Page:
Up until just recently, when a man’s best friend is diagnosed with cancer, such as hemangiosarcoma, even if the dog received chemotherapy treatment, the prognosis was extremely guarded for living a long, full life. Hemangiosarcoma is relatively common in dogs and one of the most mystifying and exigent diseases of veterinary medicine. At this point, this cancer, which presents itself as a tumor of the cells that sheathe the blood vessels, remains incurable. Unfortunately, over the past two to three decades, there has not been any significant advancement in the standard of care for dogs with hemangiosarcoma and early detection is rare due to the lack of effective testing for the disease. By the time the tumors have become large enough to detect, the cancer has already progressed to advanced stages.
Within the past few years, however, there have been promising findings for owners of dogs who have hemangiosarcoma, according to a study conducted by Jennifer Reetz and Dorothy Cimino Brown, two faculty members at the University of Pennsylvania School of Veterinary Medicine. The study revealed that canines who were treated with a compound which was derived from the mushroom Coriolus versicolor, exhibited the longest survival times that have ever been reported for canines suffering from hemangiosarcoma. The compound is usually called Coriolus PSP, or PSP for short.
Increasing Cancer Survival Times with the Coriolus Mushroom
According to the study results, the median survival time of the dogs that were tested increased as the PSP dose increased, and the longest median survival times that were reported to date were linked to the dogs that were on the highest dose of PSP. In other words, the higher the dose of this mushroom compound supplement, the longer the canines survived with the cancer. Additionally, the dogs receiving the highest doses exhibited slower progression of the cancer in comparison to the dogs receiving chemotherapy.
These findings are not only hopeful for canines, but also provide a ray of hope for human cancer patients, as well. There could be a holistic treatment and a feasible alternative to chemotherapies which are currently used to treat cancer. While Hemangiosarcoma is the only cancer that is an almost exclusive canine disease, angiosarcoma, a rare tumor in humans that is similar, occurs with exposure to polychlorinated biphenyls (PCBs) and vinyl chloride in the workplace (normally found in tire and rubber plants). An even rarer angiosarcoma, or cancer of the skin, occurs in only a tiny fraction of women who are receiving high doses of radiation treatment for cancer.
Chinese medicine has been using the Coriolus versicolor mushroom (Yun-zhi mushroom) for over 2,000 years now. Standardized, purified polysaccharopeptide (PSP) is the compound that is found in the mushroom which is considered to provide immune-boosting and liver detoxifying properties. Just in the past twenty years, studies have theorized that this compound also exhibits tumor-fighting properties. However, unfortunately, the trials that have been conducted to date have lacked any significant evidence of anti-tumor properties in humans.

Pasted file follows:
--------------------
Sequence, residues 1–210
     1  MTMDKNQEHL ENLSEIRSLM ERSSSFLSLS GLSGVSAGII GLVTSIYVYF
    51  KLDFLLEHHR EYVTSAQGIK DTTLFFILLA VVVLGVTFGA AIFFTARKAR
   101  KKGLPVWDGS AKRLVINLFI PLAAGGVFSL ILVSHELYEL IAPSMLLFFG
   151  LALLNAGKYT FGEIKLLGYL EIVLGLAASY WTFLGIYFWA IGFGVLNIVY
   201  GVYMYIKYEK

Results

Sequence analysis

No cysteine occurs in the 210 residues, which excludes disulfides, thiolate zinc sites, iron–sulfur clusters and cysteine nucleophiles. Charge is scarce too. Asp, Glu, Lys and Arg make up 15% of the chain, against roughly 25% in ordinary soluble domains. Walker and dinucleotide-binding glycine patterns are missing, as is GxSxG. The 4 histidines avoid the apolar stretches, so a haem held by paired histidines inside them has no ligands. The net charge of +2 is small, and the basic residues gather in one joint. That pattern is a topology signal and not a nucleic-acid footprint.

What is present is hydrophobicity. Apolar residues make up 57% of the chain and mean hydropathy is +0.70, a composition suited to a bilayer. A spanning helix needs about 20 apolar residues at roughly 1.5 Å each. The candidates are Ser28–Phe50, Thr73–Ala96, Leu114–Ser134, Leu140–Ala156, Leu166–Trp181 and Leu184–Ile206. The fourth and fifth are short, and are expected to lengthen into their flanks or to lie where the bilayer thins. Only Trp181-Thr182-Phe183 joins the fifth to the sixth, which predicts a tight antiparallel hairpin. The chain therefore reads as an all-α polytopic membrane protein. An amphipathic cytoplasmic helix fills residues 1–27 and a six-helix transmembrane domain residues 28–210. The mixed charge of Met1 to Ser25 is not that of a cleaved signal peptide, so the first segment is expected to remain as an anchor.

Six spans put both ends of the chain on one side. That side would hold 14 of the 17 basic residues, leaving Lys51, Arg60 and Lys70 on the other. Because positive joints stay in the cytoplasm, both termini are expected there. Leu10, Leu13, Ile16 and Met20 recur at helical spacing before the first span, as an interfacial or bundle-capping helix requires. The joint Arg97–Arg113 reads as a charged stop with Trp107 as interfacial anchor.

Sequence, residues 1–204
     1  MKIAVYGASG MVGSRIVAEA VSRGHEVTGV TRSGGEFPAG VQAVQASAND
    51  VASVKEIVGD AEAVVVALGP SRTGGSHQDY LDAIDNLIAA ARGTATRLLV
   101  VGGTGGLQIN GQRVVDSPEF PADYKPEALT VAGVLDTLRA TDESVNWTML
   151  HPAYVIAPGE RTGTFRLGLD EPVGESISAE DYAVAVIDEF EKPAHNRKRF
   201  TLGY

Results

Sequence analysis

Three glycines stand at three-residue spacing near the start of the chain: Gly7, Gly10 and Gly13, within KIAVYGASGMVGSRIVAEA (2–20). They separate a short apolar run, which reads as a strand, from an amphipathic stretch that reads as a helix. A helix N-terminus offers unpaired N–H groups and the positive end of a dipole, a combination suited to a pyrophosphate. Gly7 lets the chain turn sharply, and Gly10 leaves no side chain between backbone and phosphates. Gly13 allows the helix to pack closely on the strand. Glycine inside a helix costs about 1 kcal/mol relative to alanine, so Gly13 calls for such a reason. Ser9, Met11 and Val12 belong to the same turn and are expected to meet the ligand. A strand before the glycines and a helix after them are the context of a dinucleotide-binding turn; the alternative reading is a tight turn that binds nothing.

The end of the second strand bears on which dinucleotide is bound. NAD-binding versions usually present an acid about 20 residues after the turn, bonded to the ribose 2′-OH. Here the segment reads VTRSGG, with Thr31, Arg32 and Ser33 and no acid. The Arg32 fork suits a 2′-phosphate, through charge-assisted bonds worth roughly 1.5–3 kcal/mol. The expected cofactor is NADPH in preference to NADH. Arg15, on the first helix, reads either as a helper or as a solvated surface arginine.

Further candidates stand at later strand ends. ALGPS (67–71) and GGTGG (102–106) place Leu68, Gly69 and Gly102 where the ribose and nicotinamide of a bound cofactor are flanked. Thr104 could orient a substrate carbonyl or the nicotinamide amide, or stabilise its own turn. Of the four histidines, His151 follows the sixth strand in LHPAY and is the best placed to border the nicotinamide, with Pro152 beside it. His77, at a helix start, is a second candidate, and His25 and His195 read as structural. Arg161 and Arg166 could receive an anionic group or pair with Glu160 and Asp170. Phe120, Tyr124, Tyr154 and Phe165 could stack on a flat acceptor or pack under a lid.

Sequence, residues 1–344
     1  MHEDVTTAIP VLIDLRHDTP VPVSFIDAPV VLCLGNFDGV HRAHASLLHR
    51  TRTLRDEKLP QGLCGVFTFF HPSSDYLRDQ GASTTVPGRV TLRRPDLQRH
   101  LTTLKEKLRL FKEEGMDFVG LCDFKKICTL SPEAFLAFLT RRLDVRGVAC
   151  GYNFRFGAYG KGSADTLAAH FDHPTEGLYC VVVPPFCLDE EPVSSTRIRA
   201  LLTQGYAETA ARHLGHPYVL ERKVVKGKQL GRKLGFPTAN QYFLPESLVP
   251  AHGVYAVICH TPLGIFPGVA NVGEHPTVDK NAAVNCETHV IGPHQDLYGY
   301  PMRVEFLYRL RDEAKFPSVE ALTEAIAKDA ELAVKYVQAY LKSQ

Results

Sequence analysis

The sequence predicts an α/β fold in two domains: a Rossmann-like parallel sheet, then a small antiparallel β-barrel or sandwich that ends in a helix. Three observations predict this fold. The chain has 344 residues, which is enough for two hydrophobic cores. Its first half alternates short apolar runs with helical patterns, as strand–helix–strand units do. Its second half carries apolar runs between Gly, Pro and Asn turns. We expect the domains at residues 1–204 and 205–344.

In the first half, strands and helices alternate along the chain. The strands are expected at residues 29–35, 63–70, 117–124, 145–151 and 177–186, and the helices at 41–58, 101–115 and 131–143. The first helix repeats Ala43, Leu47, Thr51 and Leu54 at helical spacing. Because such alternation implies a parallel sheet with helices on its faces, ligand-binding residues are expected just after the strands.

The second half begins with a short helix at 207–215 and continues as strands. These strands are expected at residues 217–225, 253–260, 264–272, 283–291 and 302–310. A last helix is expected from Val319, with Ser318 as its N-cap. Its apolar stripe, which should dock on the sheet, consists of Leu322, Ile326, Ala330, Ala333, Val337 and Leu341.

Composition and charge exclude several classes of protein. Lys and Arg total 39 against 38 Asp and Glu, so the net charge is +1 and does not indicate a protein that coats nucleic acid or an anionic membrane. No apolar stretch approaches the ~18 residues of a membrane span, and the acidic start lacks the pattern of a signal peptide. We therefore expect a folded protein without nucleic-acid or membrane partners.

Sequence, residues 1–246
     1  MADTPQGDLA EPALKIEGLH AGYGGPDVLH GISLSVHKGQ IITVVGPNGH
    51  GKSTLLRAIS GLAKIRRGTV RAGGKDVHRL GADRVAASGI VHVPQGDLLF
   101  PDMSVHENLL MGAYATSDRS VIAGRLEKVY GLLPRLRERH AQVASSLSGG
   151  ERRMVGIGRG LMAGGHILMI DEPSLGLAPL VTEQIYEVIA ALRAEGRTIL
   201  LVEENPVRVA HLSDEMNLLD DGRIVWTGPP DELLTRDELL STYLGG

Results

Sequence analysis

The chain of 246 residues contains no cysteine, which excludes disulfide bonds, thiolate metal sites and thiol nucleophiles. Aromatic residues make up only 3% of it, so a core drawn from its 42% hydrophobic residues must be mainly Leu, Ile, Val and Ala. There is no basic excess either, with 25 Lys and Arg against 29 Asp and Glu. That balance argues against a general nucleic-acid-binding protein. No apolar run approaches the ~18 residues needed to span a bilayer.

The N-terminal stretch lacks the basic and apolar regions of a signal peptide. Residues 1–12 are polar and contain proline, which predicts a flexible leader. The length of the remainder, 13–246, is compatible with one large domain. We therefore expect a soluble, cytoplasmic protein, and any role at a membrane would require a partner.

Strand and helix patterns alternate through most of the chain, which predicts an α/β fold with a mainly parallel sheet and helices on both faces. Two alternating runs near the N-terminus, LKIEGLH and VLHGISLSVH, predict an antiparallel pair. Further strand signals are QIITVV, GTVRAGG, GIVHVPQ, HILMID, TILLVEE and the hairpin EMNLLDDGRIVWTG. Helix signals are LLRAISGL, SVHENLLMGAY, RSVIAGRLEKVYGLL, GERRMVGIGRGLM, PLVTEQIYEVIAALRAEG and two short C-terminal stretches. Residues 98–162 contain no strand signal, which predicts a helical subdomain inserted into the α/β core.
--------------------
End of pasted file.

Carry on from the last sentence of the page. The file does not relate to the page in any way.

While the Yun-zhi mushroom has been known in China for centuries, the Western world only recently became aware of it. When studies exposed the unbelievable chemotherapy and radio-therapy reducing properties that the mushroom demonstrated, clinical trials in the Western part of the world ensued. In random double-blind clinical trials, humans who were undergoing radiation or chemotherapy treatments took Yun-zhi for two months. These human subjects experienced tremendous improvement in radiation and chemo side effect symptoms such as nausea, poor appetite, vomiting, fatigue and sweating. Yun-zhi also assisted in making the white blood cell of these patients more stabilized. Overall results of treatment revealed an efficacy rate of 83% to 86%.
Clinical Cancer Research using Yun-Zhi
We just recently received an email from a Veterinary Clinical Research Nurse at the University of Pennsylvania School of Veterinary Medicine stating that they were currently in their second clinical trial with the supplement from the mushroom compound called I’m Yunity. This will be a randomized, controlled, single study that will compare the effects of the supplement to standard care chemotherapy. Most likely, another study will not be published for at least another couple of years, because, as Rene Newman, CVT from the Veterinary Clinical Investigations Center stated, “We have a long way to go to get to our n of 100.”
So, while dog owners may still be left in the dark regarding a cure for hemangiosarcoma, the Yun-zhi mushroom supplement gives us a glimmer of light. If we can prolong the time that we have with our cancer-stricken canine friends for several months (or maybe even up to a year) with the assistance from the natural supplement derived from the Coriolus versicolor, we will have more time to accept their fate while we spend quality time and provide them with the best final months of their life that we possibly can.